ECHO SUMMIT — A snowy December that kept Sierra ski resorts busy also had California's water managers hopeful Wednesday at the start of a monthly snow-measuring ritual that determines everything from types of crops planted to municipal water allocations.
Officials with the Department of Water Resources measured more than 4 feet of accumulation near Echo Summit in El Dorado County on Wednesday, which is about normal for this time of year, said Frank Gehrke, head of California's cooperative snow survey program.
On this date last year there was only 0.14 inches of snow.
"You can see it's a big, big difference. It's a good start to the year," Gehrke said. "We're keeping our fingers crossed that we keep getting storm activity into April."
California's Sierra Nevada snowpack provides about one-third of the water used in the state as it melts to fill reservoirs and rivers and replenish aquifers. The current depth is about half of what normally falls during the season, which ends April 1.
Electronic readings show the water content of the snow ranging from 131 percent of average in the southern Sierra to 133 percent in the north.
Based on current conditions, the DWR estimates it will deliver 40 percent of the 4 million acre-feet of water requested through the State Water Project, which supplies water to 25 million Californians and a million acres of farmland.
Gehrke took measurements at several sites between 6,500 feet and 7,600 feet in elevation that drain into the American River. The snow depth ranged from 48.6 inches to 56 inches. The location has proven over time to be an accurate indicator for the region, he said.
The heavy snowpack came from a series of tropical storms that flowed over the region last month, but weather forecasters warn that early January doesn't look nearly as sodden.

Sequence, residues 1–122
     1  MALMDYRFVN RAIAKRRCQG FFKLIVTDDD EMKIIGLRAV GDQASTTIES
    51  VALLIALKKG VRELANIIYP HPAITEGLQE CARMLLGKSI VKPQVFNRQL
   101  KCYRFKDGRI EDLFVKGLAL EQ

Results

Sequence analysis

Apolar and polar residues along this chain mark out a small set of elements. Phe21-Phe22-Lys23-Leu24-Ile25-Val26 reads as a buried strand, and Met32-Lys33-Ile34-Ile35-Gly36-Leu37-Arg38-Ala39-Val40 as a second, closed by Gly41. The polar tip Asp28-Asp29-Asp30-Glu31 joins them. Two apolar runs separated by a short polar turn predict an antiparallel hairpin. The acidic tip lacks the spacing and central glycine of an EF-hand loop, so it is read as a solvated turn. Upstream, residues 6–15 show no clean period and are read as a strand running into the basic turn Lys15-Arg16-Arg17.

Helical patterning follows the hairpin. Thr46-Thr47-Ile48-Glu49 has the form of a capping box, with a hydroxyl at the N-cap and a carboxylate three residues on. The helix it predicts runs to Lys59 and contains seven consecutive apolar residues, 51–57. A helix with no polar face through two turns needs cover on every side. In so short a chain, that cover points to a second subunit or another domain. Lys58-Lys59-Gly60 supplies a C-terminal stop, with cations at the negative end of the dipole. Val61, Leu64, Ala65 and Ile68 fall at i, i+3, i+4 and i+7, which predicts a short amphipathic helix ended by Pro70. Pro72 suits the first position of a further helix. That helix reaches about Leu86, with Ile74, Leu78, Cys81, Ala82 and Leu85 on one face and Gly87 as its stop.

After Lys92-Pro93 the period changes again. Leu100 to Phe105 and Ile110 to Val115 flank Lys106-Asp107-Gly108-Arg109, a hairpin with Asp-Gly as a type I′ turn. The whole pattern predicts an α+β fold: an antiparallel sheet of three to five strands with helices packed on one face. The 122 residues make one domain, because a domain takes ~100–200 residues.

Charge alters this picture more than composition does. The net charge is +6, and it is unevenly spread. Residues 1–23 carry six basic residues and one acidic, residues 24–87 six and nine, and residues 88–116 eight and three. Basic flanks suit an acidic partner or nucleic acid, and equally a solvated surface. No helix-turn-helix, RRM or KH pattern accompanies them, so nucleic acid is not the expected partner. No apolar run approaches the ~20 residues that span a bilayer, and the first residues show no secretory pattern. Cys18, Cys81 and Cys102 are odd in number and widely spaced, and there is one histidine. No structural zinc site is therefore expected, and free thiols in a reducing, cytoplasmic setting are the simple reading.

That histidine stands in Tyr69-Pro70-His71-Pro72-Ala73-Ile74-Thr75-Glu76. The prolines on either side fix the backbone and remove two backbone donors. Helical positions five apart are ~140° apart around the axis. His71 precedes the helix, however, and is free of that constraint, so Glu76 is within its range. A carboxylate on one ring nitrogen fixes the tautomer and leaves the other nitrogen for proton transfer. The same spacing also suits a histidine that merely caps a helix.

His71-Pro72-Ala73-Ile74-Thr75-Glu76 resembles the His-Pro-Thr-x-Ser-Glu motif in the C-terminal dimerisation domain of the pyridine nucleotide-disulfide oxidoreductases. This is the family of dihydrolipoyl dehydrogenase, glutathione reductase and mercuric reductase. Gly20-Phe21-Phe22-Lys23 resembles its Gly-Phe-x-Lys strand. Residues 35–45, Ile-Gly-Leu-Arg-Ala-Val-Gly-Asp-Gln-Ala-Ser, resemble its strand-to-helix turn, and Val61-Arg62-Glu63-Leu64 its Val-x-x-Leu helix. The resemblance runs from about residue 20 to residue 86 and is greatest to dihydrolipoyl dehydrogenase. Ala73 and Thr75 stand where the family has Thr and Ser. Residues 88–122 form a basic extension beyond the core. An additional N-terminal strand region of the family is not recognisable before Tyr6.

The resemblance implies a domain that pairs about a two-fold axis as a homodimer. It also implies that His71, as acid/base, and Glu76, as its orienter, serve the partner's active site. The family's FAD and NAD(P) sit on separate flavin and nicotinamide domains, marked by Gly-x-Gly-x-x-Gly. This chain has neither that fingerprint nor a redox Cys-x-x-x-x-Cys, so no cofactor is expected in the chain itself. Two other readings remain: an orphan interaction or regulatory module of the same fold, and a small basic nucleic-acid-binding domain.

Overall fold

"It looks like a fairly dry and mild forecast. There are a few systems on the horizon, but not a lot of moisture associated with them," said Drew Peterson, a meteorologist with the National Weather Service in Sacramento.
Sacramento and the northern Sierra Nevada mountain range have experienced 165 percent of the normal precipitation so far this rainy season, Peterson said. He expects the percentage will fall during the next few weeks of drier weather.
The state's snowpack was boosted in December by a series of "atmospheric river" storms that occur when a funnel of moisture from the tropics collides with energy heading south from the polar regions, Peterson said.
"We maybe get one of those a year, and the one we got was pretty significant," he said.
The warmer storms meant higher snow levels, but water researchers say that because rain saturated the ground at lower elevations, there likely will be more runoff this spring.
"We're off to a good start," said Randall Osterhuber, a researcher with the UC Berkeley Snow Lab near Donner Pass.
Thanks to the storms, ski resorts at Squaw Valley and Alpine Meadows saw their second-snowiest Christmas since record keeping began in 1970, said spokeswoman Jenny Kendrick.